January 27, 2023

Vanguard Awards: Femi Okunnu, passionate patriot

Vanguard Awards: Femi Okunnu, passionate patriot


By Dapo Akinrefon

HIS name, Olufemi, means “God loves me” in Yoruba.  Chief Olufemi Okunnu is passionate about Nigeria, as his lifelong ambition is for a better Nigeria. Okunnu, who has consistently lamented the lack of patriotism in Nigeria, insists that Nigerians must put the country before any ethnic identity. When asked in a recent interview  where Nigeria went wrong, Okunnu responded in a recent interview, “How can such a country build a nation where everybody regards himself as either a Yoruba, Igbo, Hausa, Fulani, Tiv, Ijaw, or any ethnic identity but nobody is proud to call himself a Nigerian? Nobody is thinking of Nigeria as a nation, let alone putting it into action.”

Apart from being passionate about patriotism, the elder statesman has been at the forefront of restructuring. Okunnu believes there is a need for a return to the 1963 Constitution, as it has been canvassed in various fora. Baring his mind on restructuring, Alhaji Okunnu posits that “we should go back to the 1963 Constitution,” adding that “over the years, the Federal Government has stolen some powers from the state, and that is now one big problem. We should go back to what it was in 1963. Gowon followed the 1963 Constitution, though that was a military government.”

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Also, he said that “… the Murtala/Obasanjo regime also followed the 1963 Constitution until 1979. One of the pitfalls in the 1979 Constitution was to remove the revenue allocation system of 1963, which ensured that 50 per cent of the profit from the sale of any commodity, whether mineral or agricultural, went to the states of origin. The Federal Government took only 20 per cent while the remaining 30 per cent was in the distributive pool, shared by the region or states when they were created. But under the 1979 Constitution, the states of origin had zero, and it was left to the National Assembly to decide what percentage goes to the states of origin. That is why you still have unrest in oil-producing states in the country. We need to correct that.”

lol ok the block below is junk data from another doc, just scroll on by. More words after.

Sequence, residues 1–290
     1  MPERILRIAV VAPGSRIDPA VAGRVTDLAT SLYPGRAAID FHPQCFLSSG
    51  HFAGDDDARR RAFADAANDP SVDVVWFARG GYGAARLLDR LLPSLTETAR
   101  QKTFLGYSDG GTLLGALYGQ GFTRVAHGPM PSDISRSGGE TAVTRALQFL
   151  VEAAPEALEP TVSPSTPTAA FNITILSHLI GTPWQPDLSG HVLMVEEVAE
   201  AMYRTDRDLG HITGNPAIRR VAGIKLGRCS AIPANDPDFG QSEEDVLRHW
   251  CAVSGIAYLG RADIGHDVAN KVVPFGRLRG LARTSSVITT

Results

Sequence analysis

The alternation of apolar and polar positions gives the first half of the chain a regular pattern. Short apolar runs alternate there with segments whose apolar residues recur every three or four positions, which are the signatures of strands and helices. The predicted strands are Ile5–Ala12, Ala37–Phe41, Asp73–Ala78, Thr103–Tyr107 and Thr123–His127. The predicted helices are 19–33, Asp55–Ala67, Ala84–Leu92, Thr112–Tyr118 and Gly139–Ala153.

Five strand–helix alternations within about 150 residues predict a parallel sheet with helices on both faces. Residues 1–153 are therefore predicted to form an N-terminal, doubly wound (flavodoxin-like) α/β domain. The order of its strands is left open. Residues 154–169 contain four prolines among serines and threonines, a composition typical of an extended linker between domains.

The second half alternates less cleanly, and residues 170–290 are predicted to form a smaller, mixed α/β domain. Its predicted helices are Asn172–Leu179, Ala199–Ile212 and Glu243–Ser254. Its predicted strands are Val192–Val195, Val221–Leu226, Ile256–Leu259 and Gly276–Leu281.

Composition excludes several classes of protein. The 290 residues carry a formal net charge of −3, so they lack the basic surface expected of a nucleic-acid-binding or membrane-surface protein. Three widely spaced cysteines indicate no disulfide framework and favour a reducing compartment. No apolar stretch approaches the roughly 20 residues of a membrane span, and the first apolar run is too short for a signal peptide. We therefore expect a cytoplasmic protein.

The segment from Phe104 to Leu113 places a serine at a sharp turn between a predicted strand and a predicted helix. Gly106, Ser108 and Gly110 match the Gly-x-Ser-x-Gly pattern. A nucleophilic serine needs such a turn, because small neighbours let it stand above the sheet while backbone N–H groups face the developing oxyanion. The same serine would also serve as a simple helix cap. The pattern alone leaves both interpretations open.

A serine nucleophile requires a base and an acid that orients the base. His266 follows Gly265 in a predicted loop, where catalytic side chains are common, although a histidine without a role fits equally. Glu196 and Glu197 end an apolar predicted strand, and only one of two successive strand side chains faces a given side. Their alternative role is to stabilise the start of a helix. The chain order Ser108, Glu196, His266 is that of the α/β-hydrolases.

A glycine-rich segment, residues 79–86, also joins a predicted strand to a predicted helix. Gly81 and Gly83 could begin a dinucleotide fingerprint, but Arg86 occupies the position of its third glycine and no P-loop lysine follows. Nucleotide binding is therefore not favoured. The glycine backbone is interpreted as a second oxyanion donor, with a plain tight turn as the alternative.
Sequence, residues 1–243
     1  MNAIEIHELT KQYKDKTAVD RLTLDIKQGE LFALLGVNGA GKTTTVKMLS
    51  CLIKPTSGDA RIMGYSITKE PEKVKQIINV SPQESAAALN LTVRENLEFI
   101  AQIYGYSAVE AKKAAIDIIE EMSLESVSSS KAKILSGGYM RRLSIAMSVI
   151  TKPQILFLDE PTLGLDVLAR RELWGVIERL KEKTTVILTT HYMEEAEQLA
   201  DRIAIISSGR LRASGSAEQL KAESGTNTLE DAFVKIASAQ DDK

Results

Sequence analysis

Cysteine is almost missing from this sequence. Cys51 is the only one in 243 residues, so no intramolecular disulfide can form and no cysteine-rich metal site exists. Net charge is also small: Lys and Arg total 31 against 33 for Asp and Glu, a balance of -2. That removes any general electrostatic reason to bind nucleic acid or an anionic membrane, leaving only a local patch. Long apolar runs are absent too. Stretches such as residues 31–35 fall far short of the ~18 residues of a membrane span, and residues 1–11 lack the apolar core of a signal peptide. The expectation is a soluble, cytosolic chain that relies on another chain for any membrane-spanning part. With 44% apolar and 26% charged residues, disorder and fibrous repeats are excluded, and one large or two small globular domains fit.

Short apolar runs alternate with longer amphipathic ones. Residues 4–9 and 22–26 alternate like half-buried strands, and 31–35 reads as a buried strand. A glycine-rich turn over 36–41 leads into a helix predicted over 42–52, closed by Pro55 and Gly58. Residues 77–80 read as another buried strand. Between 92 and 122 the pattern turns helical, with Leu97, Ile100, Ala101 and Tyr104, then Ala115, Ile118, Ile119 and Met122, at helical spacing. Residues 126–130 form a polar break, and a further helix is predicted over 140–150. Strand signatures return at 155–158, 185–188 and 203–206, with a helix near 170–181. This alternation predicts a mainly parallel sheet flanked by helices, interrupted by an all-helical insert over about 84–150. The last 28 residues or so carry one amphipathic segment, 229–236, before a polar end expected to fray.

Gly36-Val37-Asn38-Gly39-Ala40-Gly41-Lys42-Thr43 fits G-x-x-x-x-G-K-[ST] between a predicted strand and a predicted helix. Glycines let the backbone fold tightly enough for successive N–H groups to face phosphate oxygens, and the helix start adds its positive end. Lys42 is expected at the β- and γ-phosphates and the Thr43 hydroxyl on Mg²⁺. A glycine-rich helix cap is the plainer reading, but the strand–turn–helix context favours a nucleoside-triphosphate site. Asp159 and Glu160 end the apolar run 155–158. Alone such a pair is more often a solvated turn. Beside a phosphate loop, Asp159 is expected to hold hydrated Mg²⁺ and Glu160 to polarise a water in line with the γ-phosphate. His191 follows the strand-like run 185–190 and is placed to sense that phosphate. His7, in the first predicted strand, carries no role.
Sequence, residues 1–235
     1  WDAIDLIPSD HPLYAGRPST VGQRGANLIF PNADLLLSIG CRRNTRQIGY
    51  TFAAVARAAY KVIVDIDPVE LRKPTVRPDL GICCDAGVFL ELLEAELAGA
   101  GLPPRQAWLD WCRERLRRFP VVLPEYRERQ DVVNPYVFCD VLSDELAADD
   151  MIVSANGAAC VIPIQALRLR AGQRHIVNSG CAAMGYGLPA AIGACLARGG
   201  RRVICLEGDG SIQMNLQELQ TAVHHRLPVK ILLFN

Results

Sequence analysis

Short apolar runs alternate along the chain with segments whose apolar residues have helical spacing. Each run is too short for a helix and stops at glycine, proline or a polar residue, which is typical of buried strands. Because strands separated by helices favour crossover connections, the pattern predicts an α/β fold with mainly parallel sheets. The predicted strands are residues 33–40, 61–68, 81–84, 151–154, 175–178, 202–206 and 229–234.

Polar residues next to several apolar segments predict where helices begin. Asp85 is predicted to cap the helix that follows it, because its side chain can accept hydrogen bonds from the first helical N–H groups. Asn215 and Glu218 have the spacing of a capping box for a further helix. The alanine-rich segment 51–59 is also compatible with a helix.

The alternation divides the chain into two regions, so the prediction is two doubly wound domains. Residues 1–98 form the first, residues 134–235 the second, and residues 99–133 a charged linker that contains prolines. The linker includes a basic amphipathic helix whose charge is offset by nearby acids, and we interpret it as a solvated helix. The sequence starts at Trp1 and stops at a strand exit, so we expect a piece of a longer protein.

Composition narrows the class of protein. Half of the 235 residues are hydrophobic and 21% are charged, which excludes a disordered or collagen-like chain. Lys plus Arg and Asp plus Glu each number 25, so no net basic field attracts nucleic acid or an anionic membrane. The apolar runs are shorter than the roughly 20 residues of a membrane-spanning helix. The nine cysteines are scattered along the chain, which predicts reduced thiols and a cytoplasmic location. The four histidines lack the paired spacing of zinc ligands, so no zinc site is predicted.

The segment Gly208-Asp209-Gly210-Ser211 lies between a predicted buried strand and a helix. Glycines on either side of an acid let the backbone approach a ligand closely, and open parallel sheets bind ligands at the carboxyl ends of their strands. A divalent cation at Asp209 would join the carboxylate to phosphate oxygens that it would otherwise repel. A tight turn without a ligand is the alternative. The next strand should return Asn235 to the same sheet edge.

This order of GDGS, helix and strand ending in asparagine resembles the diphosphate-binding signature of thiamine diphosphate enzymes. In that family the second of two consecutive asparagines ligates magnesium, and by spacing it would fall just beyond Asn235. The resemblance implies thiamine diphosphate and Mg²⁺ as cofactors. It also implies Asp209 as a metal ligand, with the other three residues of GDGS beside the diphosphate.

Where Nigeria got it wrong: The former Federal Commissioner has consistently submitted that most Nigerians are selfish as far as patriotism is concerned. Hear him: “Nobody is thinking of Nigeria as a nation, let alone putting it into action. We can never be great until we have great people with the vision that they are Nigerian first, Nigerian second, and Nigerian third, and not Yoruba, Hausa, Ijaw, or Fulani. That is one big problem we have in this country. The Indians, with a 1.3 billion population, would say, ‘I am from Madras Local Government or so’. Also, I have never heard a Chinese say he was from an ethnic group. But in Nigeria, we will state our identity up to the local government area and even the ward. How many Nigerians are proud to say they are Nigerian?

The octogenarian was born on February 19, 1933, in Lagos State. Okunnu had his primary education at Ansar-U-Deen School, Alakoro, between 1938 and 1947, after which he attended King’s College, in Lagos State, from 1948-1953. In his quest for more knowledge, the young Femi, in 1956, proceeded to the University of London, where he obtained a first degree in law. He was called to the Nigerian Bar in 1960, and, from there, began his career as a legal practitioner in the same year. He was appointed Federal Commissioner for Works and Housing in 1967 by the General Yakubu Gowon military government.

He served meritoriously in that capacity for seven years in 1974. In 1981, Okunnu was appointed as Deputy Legal Adviser to the National Party of Nigeria, NPN. He was appointed Leader of the Federal Government Delegation to the Organisation of African Unity Consultative Committee on Nigeria Peace Talks to end the Civil War in 1968, and by 1969, he was appointed Leader of the Nigerian Delegation to the OAU Ministerial Conference. In 1980, he was a member of the Nigerian Delegation to the General Assembly of the United Nations Organisation. He was later appointed pro-chancellor of the University of Agriculture, Makurdi in 1982.

Apart from being a Senior Advocate of Nigeria, SAN, Alhaji Okunnu is also Commander of the Order of the Republic of Niger, CON. He is also a commander of the Ordre National du Dahomey and the National Order of Togo. He was awarded an honorary doctorate during the 50th convocation ceremony of the University of Lagos.